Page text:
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GREEN BAY — In the 1990s, Dan Patrick popularized the line, “You can’t stop him, you can only hope to contain him” on ESPN’s SportsCenter. Although the saying actually dates back to at least 1958, Patrick’s use of it was on the leading edge of the trend of sports anchors needing a signature catchphrase.

If Patrick ever wanted to bring it out of conversational mothballs, the Green Bay Packers’ meeting Sunday with Carolina Panthers running back Christian McCaffrey at Lambeau Field would be the perfect time. Because it’s hard to imagine the Packers’ 24th-ranked run defense finding a way to hold the NFL’s leading rusher in check.

“He’s a complete back. He can do it as a rusher. He can do it as a receiver. He does a great job in protection,” Packers coach Matt LaFleur said. “Total package.”

And he could totally wreck the Packers’ hopes of improving to 8-2 and entering their bye week on a winning note. Not only is McCaffrey second in the NFL with 881 rushing yards in eight games — Minnesota’s Dalvin Cook has more yards (894) but has played one more game — but McCaffrey has also caught 42 passes for 363 yards. With 13 combined touchdowns and 1,244 total yards from scrimmage, he’s on pace for a whopping 2,488 yards and 26 touchdowns.

Christian McCaffrey mug

McCaffrey

Throughout the week of practice, defensive coordinator Mike Pettine tried his best to simulate what the 5-foot-11, 205-pound McCaffrey can do. The problem? He didn’t have any one player who could do a passable imitation of all the things McCaffrey can do.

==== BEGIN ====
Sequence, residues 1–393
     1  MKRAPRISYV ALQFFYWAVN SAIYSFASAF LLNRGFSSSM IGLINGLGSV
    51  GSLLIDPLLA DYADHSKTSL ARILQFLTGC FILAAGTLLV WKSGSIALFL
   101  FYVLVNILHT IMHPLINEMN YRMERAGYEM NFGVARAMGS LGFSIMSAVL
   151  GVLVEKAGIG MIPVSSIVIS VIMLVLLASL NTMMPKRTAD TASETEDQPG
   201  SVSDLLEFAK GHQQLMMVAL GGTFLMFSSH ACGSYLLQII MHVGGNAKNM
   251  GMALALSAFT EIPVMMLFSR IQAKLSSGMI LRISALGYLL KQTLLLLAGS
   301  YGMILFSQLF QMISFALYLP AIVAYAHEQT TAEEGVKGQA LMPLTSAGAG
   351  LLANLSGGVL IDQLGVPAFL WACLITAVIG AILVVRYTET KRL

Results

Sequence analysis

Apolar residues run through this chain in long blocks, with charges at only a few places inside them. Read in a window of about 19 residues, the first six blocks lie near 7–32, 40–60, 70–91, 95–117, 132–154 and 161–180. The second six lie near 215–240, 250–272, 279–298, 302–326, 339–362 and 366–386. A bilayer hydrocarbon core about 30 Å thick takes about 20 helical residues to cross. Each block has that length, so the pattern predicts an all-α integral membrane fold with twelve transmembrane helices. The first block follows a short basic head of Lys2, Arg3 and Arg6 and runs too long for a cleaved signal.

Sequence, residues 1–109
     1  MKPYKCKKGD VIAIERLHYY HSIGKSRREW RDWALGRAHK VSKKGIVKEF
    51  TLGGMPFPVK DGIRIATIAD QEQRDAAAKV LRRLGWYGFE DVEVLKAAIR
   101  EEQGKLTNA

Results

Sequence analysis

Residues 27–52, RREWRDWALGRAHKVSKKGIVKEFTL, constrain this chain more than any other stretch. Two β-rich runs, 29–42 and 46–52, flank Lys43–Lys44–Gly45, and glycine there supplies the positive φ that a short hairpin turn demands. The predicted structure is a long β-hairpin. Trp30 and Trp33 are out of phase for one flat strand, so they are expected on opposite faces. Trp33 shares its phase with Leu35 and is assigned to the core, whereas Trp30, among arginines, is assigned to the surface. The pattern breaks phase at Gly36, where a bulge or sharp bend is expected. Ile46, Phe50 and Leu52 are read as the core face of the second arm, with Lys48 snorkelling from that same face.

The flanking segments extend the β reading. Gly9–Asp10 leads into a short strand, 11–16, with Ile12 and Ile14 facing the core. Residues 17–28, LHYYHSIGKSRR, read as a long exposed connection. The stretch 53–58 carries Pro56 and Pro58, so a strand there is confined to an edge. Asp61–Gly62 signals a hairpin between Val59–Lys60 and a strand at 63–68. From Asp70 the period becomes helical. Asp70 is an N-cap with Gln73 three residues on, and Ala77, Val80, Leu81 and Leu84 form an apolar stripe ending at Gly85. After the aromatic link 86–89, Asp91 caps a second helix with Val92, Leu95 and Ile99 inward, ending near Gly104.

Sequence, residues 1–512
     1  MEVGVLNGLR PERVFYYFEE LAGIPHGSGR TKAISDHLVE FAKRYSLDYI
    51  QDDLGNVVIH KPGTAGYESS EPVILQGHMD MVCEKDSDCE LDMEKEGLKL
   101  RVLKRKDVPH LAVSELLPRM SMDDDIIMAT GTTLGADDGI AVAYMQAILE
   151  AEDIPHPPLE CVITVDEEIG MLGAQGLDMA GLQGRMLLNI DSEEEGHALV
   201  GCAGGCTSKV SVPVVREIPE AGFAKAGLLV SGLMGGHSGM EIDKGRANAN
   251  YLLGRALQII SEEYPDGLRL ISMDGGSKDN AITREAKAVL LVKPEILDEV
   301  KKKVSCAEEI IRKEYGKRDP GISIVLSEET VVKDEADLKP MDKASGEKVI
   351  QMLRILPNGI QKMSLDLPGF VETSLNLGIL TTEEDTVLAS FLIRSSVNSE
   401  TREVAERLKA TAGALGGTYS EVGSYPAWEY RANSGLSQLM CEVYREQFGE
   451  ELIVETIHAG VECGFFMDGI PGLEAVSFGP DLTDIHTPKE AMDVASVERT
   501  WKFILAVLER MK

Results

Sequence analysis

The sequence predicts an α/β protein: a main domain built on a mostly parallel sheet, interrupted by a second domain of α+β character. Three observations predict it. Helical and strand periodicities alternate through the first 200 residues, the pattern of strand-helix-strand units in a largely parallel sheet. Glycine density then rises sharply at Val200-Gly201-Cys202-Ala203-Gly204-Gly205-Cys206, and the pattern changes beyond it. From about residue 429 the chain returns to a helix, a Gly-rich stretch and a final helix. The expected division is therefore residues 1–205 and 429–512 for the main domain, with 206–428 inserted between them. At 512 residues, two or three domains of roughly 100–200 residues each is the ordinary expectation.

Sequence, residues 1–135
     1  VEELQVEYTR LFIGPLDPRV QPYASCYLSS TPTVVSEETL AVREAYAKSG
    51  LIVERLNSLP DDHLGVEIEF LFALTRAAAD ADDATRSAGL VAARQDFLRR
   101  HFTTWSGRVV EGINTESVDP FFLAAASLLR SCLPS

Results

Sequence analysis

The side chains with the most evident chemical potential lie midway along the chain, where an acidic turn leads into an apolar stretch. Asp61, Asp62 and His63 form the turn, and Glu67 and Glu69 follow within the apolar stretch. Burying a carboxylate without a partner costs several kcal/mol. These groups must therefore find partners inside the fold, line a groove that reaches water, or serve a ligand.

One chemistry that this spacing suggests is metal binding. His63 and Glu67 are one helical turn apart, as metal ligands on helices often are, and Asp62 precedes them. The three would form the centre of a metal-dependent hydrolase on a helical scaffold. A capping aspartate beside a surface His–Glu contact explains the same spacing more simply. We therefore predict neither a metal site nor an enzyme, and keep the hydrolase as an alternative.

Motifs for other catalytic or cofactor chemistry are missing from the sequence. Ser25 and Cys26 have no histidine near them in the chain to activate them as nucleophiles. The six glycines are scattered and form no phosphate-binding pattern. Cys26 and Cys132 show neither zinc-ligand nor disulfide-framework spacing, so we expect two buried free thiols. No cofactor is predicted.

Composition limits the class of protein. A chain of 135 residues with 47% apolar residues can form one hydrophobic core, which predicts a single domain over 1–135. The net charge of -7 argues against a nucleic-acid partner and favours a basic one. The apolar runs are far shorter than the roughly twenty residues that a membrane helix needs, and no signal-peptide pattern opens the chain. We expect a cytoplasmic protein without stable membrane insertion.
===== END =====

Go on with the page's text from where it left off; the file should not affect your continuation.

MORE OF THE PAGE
“We have different ones coming in on every play and they all have No. 22 jerseys,” said Packers inside linebacker Blake Martinez, who played college ball with McCaffrey at Stanford. “We’d keep refreshing backs every single play, making sure they’re 100 percent. He’s an explosive player all across the board. He’s an extremely smart player as well. He knows where he’s supposed to hit the run play and where he’s supposed to be patient. He can do anything.”

Including carrying an offense and making a strong case for NFL MVP consideration. With star quarterback Cam Newton out for the year — the closest the 2015 NFL MVP came to playing in Sunday’s game was a visit to renowned foot and ankle specialist Dr. Robert Anderson, who is a Packers team doctor and has his practice across from Lambeau Field at Bellin’s Titletown Sports Medicine clinic — and unproven Kyle Allen starting in Newton’s place, McCaffrey has been vexing opposing defenses for the 5-3 Panthers all season.

“We’ve seen a lot of different coverages, a lot of different personnel groupings, trying to match with him,” Panthers coach Ron Rivera said. “The truth of the matter is, and the nice thing is, when we’re distributing the ball as far as the passing game, it’s hard to zero in on just him. Running, obviously, is a little bit different, but as long as we keep distributing the ball, we’ll be OK.”

And therein lies the challenge for the Packers defense. The unit has struggled to stop the run all season, and because Pettine prefers to use his sub packages, which generally use at least one extra defensive back in place of a second inside linebacker, McCaffrey’s ability to catch the ball out of the backfield creates a troubling conundrum: If Pettine decides to play inside linebacker B.J. Goodson alongside Martinez to bolster the run defense, it leaves the Packers susceptible to McCaffrey exploiting them in the passing game. If he opts for lighter linebacker Oren Burks or recently activated safety/linebacker hybrid Ibraheim Campbell, Pettine won’t have another thumper to stuff the run.